When we think back to the iconic coming-of-age teen comedy, we reminisce on the hormone-induced high school drama, the overly complicated love triangles, the cliques, the Molly Ringwalds and Regina Georges that blessed the 80’s, 90’s, and early 00’s. These movies held up a mirror to our early teens and projected the (somewhat) relatable lives of these young men and women on the big screen. Like most of you, we have also noticed a significant drop-off in the appearance of the, once essential, teen movie. So . . . what happened?
Zach Siler (Freddie Prinze Jr.) and Taylor Vaughan (Jodi Lyn O'Keefe) in She’s All That (1999)
The theatre became the go-to hangout for teens across the United States. Movies like American Pie (1999) and xXx (2002) dominated the box office, and studios couldn’t churn out enough of them. From the late 80’s to early 2000’s, we saw some of the best teen dramas, comedies, and buddy movies of our young lives! So when did these start to disappear?
Could it be that this new generation has no interest in watching Rachael Leigh Cook remove her glasses to shake out her hair to get Freddie Prinze Jr. to ask her to prom? Or is it that they have moved on from the out-of-date, teen-based rom-coms and now demand to see their real lives reflected back at them?
Today, teenagers aren’t just worried about such trivial things like prom, parties, and getting pimples— the templatized antagonists in this genre of movie. They have become fixated on new things like the trends of social media, cultural changes, and the countless distractions and channels of entertainment provided by the internet.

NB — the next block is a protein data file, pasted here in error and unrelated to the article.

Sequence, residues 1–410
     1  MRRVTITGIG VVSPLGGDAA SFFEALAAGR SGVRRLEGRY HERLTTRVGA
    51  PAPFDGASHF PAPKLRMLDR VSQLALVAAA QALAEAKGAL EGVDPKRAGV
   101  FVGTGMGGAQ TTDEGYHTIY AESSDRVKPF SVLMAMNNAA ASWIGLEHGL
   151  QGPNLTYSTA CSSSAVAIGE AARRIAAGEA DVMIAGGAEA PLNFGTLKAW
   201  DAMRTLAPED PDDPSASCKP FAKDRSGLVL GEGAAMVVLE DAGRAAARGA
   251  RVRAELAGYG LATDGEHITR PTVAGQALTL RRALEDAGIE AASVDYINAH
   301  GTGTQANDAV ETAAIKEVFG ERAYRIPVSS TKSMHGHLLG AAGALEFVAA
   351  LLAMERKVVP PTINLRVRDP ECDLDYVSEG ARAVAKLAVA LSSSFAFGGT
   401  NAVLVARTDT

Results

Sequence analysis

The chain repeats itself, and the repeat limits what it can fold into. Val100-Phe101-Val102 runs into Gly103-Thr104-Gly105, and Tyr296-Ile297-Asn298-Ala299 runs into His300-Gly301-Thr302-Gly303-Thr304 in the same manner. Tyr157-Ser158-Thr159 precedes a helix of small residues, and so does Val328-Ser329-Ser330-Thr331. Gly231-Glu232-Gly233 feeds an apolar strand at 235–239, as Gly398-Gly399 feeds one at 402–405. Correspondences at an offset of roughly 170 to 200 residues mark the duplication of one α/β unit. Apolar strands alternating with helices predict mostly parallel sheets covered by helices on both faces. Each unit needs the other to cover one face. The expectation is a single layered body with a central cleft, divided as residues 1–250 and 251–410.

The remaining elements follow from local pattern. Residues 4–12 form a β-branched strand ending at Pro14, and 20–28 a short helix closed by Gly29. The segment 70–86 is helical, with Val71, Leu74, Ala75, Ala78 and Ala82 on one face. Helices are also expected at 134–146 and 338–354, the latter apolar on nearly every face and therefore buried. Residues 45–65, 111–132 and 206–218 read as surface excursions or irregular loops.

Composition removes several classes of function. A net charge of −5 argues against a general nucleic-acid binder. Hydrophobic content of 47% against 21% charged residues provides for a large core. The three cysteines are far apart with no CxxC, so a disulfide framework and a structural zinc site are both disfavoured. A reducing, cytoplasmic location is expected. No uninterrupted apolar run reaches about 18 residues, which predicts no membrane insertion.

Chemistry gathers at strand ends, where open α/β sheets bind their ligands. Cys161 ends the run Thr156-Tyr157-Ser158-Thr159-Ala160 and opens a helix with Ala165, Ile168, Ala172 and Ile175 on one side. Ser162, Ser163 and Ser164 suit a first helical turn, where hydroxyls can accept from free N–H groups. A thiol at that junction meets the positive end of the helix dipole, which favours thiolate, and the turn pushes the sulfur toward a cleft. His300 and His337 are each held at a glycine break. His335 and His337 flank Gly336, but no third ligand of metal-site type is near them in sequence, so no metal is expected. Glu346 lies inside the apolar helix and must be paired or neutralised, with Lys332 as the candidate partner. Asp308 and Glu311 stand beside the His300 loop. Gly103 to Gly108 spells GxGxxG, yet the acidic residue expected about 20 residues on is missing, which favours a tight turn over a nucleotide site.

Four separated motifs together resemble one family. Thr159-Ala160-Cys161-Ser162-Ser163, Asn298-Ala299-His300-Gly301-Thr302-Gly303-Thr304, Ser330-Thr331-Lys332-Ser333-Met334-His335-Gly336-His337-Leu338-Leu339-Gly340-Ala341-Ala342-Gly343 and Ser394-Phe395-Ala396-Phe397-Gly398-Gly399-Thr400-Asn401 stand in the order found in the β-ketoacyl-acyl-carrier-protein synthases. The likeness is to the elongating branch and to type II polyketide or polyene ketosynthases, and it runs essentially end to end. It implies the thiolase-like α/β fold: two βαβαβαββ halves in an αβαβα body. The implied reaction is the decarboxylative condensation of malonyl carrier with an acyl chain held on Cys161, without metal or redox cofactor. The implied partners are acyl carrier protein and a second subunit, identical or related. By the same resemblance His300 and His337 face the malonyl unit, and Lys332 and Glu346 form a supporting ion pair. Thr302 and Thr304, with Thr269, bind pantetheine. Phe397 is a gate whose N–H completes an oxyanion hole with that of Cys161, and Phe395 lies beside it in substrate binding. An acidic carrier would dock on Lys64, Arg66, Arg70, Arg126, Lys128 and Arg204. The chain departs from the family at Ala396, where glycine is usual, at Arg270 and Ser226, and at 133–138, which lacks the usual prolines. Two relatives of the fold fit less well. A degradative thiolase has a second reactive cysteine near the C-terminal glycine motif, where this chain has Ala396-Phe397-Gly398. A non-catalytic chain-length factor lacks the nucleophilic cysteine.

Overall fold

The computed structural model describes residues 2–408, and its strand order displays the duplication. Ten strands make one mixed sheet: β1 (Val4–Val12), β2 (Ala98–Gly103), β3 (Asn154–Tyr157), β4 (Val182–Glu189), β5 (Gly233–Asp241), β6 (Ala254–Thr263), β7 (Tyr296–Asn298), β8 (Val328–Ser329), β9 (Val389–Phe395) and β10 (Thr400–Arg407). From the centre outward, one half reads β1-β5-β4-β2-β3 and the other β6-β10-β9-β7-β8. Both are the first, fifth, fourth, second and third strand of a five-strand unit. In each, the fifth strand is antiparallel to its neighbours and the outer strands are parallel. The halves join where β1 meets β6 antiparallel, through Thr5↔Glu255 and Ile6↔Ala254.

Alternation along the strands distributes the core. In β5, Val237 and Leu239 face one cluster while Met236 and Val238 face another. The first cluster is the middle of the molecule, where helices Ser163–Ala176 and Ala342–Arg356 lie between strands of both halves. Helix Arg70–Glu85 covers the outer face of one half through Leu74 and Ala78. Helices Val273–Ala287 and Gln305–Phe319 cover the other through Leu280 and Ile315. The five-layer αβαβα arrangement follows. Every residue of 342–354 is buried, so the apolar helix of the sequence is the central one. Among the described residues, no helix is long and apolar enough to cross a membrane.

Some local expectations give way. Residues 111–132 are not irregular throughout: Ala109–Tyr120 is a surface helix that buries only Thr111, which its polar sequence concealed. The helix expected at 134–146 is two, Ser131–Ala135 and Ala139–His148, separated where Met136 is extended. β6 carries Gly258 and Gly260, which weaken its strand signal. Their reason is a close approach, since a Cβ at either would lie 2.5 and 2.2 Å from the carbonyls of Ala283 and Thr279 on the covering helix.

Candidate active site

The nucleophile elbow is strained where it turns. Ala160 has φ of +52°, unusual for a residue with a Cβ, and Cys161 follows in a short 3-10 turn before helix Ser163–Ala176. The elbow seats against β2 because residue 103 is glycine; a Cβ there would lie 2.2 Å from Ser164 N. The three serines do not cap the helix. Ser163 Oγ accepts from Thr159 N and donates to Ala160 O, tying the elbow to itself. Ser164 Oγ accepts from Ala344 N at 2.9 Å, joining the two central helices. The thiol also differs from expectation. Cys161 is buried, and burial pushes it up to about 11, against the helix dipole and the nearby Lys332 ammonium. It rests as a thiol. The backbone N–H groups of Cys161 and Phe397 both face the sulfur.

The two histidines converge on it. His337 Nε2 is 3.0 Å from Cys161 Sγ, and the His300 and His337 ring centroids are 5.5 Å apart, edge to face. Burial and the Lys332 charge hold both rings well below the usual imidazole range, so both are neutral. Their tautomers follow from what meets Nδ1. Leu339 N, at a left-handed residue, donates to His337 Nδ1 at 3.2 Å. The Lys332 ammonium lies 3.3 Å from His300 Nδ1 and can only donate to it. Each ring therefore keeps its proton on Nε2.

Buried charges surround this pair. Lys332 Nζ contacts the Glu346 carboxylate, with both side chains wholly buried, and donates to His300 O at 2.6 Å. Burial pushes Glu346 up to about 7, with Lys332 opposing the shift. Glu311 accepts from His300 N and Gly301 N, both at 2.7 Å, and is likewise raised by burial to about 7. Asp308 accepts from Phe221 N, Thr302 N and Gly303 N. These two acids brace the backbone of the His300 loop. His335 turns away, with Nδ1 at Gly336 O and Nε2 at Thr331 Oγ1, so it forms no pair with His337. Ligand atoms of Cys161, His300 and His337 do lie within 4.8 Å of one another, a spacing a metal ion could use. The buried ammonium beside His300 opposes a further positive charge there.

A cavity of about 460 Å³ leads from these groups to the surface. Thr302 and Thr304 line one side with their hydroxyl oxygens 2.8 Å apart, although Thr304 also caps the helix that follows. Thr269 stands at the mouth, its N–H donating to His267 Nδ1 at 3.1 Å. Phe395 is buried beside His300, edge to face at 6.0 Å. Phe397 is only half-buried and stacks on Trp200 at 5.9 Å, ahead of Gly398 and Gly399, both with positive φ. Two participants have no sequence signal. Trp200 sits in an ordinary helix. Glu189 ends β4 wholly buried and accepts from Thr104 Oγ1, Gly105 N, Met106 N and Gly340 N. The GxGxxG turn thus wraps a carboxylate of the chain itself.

Jim Levenstein (Jason Biggs) in American Pie (1999)
Some of us can remember the days before user-friendly internet, when it was a complex space of 1’s and 0’s that was impossible to navigate; Dazed and Confused came out around then. With the mainstream use and growth of the internet, by the late 2000’s we started to see a drop in the number of teen-focused movies making their way into theatres.
With access to an infinite stream of information and entertainment, the expectations of the once movie-going teen began to change. We were able to find any video, any movie, and any show at the press of a button, and studios were just as aware of this trend. They stopped pumping out these movies aimed at young adults as they grew wise of teens staying at home, surfing the web— yes, “surfing the web,” we’re still in the early 00’s, remember?.
Priscilla (Jaime Pressly) and Jake Wyler (Chris Evans) in Not Another Teen Movie (2001)
The change in teen movies could arguably be due to a change in relatable culture. In order to satisfy the demand for teen content, movies about youth are being adapted to better reflect the lives of the young movie-goer. Over time, aggressive marketing towards teens in movies dissipated and became more focused in other areas, such as clothing, television shows, and social media. Less demand for teen movies led to less being made, let alone to be shown in theatres all over America.
It may also be that this generation of young people is thought to be more cynical and distressed than the generations prior. With more access to information and less stigma around mental health and sexuality, more teens today are informed and vocal about their opinions and want to see that being reflected in the media they consume.
Molly (Beanie Feldstein) and Amy (Kaitlyn Dever) in Booksmart (2019)
Now don’t get us wrong: we are not saying the teen comedy is dead, it just needs a little redefining. As we grow out of the era where highschool kids are depicted as greek statue-esque beefcakes and pom-pom wielding mean girls, a new wave of teen movies focuses on the more topical and realistic icons, paying attention to more relatable problems. With the release of the more recent Booksmart (2019), we finally see a “teen movie” that is relatable and engaging for audiences of all ages—well, 17 and older anyway. But we should be proud that these new teen movies have cultivated a culture which celebrates the Napoleon Dynamites and Lady Birds of the world as much as their auspicious counterparts.